Great news! Palliative care guidelines from National Cancer Grid
Dr Nandini Vallath, writing on behalf of National Cancer Grid (NCG), informs us that 20 clinical practice guidelines have been uploaded on the NCG webpage.
Here is the link. Palliative care DRAFT Guidelines 2021 – NCG (tmc.gov.in).
The same page also provides a link to post i) General feedback and / or ii) Individual feedback for each guideline.
The feedback form will remain open for comments until the 24th of April 2021. NCG seeks suggestions for modifying the draft guidelines with evidence supporting the proposed changes. This draft will then undergo due review process.
Training in pain management and eligibility for “Recognised Medical Institutions” for morphine.
The Drugs Controller of Kerala has published an order (No.1370/2021/DC 19.03.2021) making online training adequate for a doctor to be in charge of stocking and dispensing morphine and other step 3 opioids in any recognised medical institution. The order in Malayalam can be translated as: “Online training in pain and palliative care management is approved for getting RMI status”.
When the Indian parliament amended the Narcotic Drugs and Psychotropic Substances (NDPS) act in 2014 and published the relevant rules in 2015, it was mentioned that for any healthcare facility to be considered a recognised medical institution, it should have one doctor with training in pain management. The nature of the training was not specified in the rules. Therefore, it is now left to the discretion of the drug controllers of individual states to decide what is eligible training. In Kerala, 10 days of clinical training had been considered mandatory for many years.
When that clause was brought in, there was an understanding that this would be necessary only so long as doctors continue to be unfamiliar with opioid medicines. From 2019, medical students formally learn pain management as part of their curriculum. In 2020, when Covid19 brought a halt to all physical courses and virtual education became the order of the day and as educators developed the ability to impart knowledge and skills using online platforms, the need for changing strategy came apparent. Thank you Mr Narayanan Puthukkudy, President of Kerala chapter of Indian Association of Palliative Care (IAPC) for facilitating this action by the drugs controller of Kerala.
Understandably this is now applicable only to Kerala. But we will now be able to quote this as precedence for adoption by other state drugs controllers too.
Participate in Pallium India’s “World Health Day Contest” and win prizes!
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IAPCON 2021 goes online – a novel experience
Dr Arjun Devarajan, Palliative Care Physician at Pallium India, writes:
The 28th annual international conference of Indian Association of Palliative Care (IAPCON 2021) was held from 19th to 21st of March 2021 at AIIMS Patna, the land where enlightenment dawned upon those who sought. This first ever online conference of IAPC was organized under the leadership of Dr U K Bhadani (Organising secretary) and Dr Chandni Sinha (Scientific secretary).
The motto of the conference was ‘Searching Empathy Through Research’.
The event started with impressive workshops on End of life care and communication for doctors and nurses, conducted by faculties from different parts of the country. Putting an end to all uncertainties and apprehensions, IAPCON 2021 was inaugurated at the All India Institute of Medical Sciences (AIIMS) Patna by Prof. Prabhat Kumar Singh, Director, AIIMS Patna. Scientific sessions of the conference were held from 4 PM to 8 PM and where led by eminent personalities from various parts of the world.
The conference also witnessed the declaration of most awaited and anticipated ‘International Award for Excellence in Palliative Care 2020-21’ by Cancer Aid Society, in which our own Ashla Rani was declared a winner in ‘Volunteers’ category. Kudos to her!!! Mr Suresh T. P., Safdarjung Hospital, New Delhi won the award in the ‘Nursing’ category and Dr. Stanley Macaden, Founder of Palliative Care Service at Bangalore Baptist Hospital, Bangalore, and National Coordinator of Palliative Care Programs, Christian Medical Association India was the recipient under the ‘Doctors’ category.
PHFI Certificate Course concludes
On the 27th of March, we concluded the first season of the Certificate Course in Palliative Care, in collaboration with the Public Health Foundation of India (PHFI).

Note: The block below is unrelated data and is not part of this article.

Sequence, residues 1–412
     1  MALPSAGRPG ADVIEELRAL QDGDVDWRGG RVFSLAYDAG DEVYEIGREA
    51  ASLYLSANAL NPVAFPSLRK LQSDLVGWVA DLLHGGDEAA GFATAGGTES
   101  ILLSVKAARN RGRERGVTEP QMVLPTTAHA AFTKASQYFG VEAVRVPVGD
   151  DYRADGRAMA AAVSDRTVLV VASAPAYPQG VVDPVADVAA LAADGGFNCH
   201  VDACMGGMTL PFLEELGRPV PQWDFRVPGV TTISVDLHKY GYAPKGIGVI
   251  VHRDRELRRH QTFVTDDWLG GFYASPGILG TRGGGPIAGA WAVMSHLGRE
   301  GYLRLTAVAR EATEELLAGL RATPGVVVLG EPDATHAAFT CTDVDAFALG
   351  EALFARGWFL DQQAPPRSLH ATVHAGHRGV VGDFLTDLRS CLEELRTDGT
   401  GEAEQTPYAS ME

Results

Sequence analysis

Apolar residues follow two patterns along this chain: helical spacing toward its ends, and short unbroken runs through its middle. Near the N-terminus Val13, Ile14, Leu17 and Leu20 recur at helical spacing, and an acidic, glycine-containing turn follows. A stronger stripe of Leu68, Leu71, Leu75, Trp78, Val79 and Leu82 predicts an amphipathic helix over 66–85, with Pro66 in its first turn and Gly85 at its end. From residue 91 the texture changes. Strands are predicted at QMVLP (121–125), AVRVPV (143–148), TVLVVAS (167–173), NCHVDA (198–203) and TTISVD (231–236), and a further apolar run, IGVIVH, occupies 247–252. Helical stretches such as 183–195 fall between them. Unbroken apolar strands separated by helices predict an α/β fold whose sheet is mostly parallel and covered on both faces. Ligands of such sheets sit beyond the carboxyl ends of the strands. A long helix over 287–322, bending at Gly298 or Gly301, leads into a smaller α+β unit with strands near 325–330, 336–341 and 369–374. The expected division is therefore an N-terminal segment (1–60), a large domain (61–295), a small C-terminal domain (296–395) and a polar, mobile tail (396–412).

It was attended by 66 doctors from across the country, almost all of whom had no prior exposure to Palliative Care. The course was designed and delivered by Palliative Care experts from around the country.
The level of interaction and engagement, the deeply insightful questions posed, the enthusiasm expressed to learn more, to incorporate these approaches in their own specialities and to even start services are a testament to the value of the program.
The final module was on End of Life Care, Grief and Bereavement, bringing to a close 6 weeks of sessions.
When asked “why should Palliative Care be a part of your practice?”, the participants’ responses not only reflected what they had so keenly learnt, but also demonstrated their deeply humane and compassionate perspectives.
Our next series will commence in August. Watch this space for more information!
A phenomenal rise – TIPS-ECHO
Project ECHO has enabled the Trivandrum Institute of Palliative Sciences (TIPS) to capacitate and train providers, volunteers and beneficiaries in integrating palliative care into their practice as well as their lives.
The year 2020 saw a phenomenal rise in ECHO programs and participant numbers. A year when everything went virtual, we were able to leverage technology to step up palliative care training at a time when it was sorely needed. The Pallicovid ECHO program specifically integrated palliative care principles with mainstream COVID management and patient care. We were able to break barriers and reach people who had been palliative care naïve up until that point.
- April 5, 2021: FREE Palliative care training for health care providers treating people with Covid-19 (Pallicovid ECHO)
- April 6, 2021: Online Foundation Course in Palliative Medicine (FCPM)
- April 7, 2021: World Health Day
- April 8, 2021: Online Foundation Course in Palliative Nursing (FCPN)
- April 10, 2021: Refresher Course in Palliative Medicine
- April 19, 2021: Online Volunteer Training Program (Malayalam)
- April 21, 2021: Web-based Pain Management Education Program for Oncologists
- April 28, 2021: Online Foundation Course in Palliative Care (FCPC)
- May 3, 2021: FREE Palliative care training for health care providers treating people with Covid-19 (Pallicovid ECHO) – HINDI
- May 17, 2021: Online Volunteer Training Program (English)
- June 14, 2021: Online Foundation Course in Palliative Nursing (FCPN)
- June 29, 2021: Online Foundation Course in Palliative Medicine (FCPM)
Check out all our upcoming events: https://palliumindia.org/events
For more information on any of these, write to: firstname.lastname@example.org
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Video of the Month
Sapna is a cancer survivor. She was diagnosed when she was 19, when she was in college and living away from her parents. Understandably, she and her entire family were completely shocked by the test results and struggled to cope with the situation. Today, fifteen years later, she helps others navigating cancer, guiding them on what to expect, how to confront the dreaded illness, and so on. She has a message for all of us. Do watch.